Money was a constant source of tension and stress when I was growing up. My parents were intelligent, well-educated and hard-working, yet they lived paycheck to paycheck. When I was 13, they divorced, then my mom struggled to raise three kids, often relying on free lunch tickets and food stamps. As my mother approach retirement age, she was riddled with anxiety over the fact that she hadn’t saved for her golden years. My father had always been (and continues to be, even in his 70’s) a workaholic — my siblings, his grandkids and I have always wished he’d figured out a way to work less and spend more time with us instead.
As a young adult, I dropped out of college and spent the next couple of years drifting from one minimum wage job to another, paying more attention to the boys I was dating than to my financial future. I ended up broke and alone after my fiancée and I broke up. I learned that I couldn’t count on Prince Charming to sweep me off of my feet and take care of me.
My parents were struggling to make ends meet, so I couldn’t go home and become a burden on them. I abandoned my broken-down car, reduced my rent by sharing a one-bedroom apartment with three other women, and scarfed down free food during Happy Hour at our local bar (free appetizers with the purchase of a $2 draft). I learned to be resourceful and to do whatever it took to survive.
One night, while working the graveyard shift at a donut shop and pouring coffee for a homeless woman, I realized that I was one paycheck away from being homeless myself. That was my wake-up call. Motivated by fear of an uncertain future, I opened the Yellow Pages, called professional dog trainers and negotiated an unpaid apprenticeship. Less than a year later, I was hired by my mentor, and I loved the work. A couple years later, I started my own successful dog-training school. I learned the power of asking for what I want.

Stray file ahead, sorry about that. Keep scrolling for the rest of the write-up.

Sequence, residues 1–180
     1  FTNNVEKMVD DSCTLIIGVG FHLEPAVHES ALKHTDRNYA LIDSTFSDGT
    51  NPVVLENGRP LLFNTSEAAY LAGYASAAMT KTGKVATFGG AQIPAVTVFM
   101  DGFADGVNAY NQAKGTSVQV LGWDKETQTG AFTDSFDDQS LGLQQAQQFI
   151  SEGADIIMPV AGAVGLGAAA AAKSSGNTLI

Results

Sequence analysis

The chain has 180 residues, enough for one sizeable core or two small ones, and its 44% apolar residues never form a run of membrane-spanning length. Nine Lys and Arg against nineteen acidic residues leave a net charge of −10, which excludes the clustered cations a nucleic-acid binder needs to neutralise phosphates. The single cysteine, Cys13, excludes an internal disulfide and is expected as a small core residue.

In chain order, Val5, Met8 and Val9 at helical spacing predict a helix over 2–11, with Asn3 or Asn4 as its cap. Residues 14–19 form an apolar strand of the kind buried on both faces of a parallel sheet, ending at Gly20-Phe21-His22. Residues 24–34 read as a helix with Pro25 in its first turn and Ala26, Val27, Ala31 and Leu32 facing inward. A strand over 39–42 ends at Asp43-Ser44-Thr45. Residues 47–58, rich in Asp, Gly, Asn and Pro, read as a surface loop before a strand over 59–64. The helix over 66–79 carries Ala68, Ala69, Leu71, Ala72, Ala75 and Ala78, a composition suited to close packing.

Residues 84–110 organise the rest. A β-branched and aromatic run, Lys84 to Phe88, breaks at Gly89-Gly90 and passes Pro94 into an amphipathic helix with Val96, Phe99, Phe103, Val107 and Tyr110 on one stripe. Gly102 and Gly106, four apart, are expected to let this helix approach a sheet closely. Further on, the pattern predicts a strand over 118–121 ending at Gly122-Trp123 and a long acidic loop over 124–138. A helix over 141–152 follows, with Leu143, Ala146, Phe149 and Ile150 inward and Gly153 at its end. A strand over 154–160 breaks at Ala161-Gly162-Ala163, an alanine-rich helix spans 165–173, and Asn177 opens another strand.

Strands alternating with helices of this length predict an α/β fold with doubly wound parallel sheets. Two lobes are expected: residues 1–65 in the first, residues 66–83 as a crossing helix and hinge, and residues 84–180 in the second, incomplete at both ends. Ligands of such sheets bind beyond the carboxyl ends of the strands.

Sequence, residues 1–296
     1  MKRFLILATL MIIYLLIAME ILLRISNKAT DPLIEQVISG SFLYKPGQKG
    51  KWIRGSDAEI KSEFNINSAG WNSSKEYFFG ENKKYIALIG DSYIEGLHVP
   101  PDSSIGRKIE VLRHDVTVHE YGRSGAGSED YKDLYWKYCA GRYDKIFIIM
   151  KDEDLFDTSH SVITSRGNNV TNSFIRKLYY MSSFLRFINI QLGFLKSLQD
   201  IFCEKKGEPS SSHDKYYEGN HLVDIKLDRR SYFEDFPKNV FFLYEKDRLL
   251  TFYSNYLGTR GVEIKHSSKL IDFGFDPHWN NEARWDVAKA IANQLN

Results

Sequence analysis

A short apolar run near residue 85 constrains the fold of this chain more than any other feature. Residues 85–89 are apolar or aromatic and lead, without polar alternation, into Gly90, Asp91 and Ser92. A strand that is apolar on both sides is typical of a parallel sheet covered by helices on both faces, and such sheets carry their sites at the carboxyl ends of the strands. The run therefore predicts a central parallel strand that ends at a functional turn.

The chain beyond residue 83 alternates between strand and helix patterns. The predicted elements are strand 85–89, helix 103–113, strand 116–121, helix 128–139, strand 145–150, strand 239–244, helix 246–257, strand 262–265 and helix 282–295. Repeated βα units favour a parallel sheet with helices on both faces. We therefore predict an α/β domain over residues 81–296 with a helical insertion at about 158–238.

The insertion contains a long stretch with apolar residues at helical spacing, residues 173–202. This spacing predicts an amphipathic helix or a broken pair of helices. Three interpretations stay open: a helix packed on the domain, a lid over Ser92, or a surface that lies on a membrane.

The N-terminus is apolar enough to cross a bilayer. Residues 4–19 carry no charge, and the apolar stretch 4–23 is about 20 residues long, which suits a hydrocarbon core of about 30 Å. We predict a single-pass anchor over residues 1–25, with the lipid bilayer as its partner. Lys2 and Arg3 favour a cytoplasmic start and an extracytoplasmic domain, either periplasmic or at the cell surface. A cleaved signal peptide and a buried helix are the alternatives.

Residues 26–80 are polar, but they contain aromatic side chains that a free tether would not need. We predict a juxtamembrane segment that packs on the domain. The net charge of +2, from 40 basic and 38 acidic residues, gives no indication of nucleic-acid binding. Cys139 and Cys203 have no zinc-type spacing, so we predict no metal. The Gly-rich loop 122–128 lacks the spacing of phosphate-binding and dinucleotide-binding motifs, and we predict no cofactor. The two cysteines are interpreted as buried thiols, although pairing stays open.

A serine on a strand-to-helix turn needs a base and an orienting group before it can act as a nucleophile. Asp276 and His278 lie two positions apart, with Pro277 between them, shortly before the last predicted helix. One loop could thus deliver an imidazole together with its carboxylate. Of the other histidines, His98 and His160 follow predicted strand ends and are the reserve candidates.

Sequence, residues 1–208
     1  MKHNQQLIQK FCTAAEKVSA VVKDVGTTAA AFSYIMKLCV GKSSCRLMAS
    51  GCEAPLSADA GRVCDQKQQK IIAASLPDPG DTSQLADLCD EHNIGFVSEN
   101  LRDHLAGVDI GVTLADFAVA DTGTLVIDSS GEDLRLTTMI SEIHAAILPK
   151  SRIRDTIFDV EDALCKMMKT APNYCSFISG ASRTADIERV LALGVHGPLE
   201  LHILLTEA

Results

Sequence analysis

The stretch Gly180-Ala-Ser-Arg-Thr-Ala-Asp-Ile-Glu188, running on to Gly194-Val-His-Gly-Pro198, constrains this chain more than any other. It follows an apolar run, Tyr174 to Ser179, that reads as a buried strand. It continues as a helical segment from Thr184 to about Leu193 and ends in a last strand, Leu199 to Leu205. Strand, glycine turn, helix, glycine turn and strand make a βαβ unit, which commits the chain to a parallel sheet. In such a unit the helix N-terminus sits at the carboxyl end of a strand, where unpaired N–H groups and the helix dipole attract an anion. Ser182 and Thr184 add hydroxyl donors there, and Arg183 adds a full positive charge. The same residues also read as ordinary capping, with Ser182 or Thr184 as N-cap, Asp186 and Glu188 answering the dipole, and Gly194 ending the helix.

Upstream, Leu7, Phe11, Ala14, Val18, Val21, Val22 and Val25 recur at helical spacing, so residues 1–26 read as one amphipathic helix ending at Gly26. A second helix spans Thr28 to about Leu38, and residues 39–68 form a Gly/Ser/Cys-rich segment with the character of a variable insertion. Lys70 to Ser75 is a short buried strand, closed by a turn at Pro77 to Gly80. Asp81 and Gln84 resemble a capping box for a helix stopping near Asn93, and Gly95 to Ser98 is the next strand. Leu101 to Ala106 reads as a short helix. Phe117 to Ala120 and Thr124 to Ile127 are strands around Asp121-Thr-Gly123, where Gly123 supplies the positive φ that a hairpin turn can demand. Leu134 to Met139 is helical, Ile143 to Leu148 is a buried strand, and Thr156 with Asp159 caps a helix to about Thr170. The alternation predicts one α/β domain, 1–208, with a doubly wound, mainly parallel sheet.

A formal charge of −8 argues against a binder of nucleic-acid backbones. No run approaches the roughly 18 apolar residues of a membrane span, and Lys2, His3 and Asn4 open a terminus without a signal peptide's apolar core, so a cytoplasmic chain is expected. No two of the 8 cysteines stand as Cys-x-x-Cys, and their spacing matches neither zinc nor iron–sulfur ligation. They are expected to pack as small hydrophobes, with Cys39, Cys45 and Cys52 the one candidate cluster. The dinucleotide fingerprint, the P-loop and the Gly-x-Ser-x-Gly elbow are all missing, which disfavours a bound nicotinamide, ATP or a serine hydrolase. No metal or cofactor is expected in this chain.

23 years ago, I got married. (No, that’s not how I became a millionaire… He was a construction worker, earning just $8 bucks an hour…) Anyway, by the time we had celebrated our second wedding anniversary, it was obvious that if our marriage was to survive, we needed to move away from his family. Quite frankly, my in-laws thought that I should “wear the skirt” and demonstrate subordination to their son, and since I was a “strong-minded” woman, they were not supportive of our relationship. I learned it was critical to reduce my exposure to toxic people. We packed our belongings and moved to Colorado.
…To Millionaire Mommy!
Money ranks as the first most argued topic for many couples. It has been estimated that an astounding 80% of divorces are the result of money disagreements. Having a child is considered the single best indicator of financial collapse.
I wanted a family, but I didn’t want to be one of those statistics.
My choice to form a family through adoption rather than pregnancy was a decision I made when I was an idealistic teenager. (The way I figured it, why “make my own” child when there are countless orphans dying for a family already?) Since I planned to adopt, my biological time clock wasn’t a ticking time bomb. When I was 30, I decided to achieve financial freedom before adopting our daughter because I didn’t want to repeat our parent’s experiences. Both my husband and I grew up with young, struggling, work-all-the-time parents and quite frankly, that often stunk. We didn’t want money issues to negatively impact our family.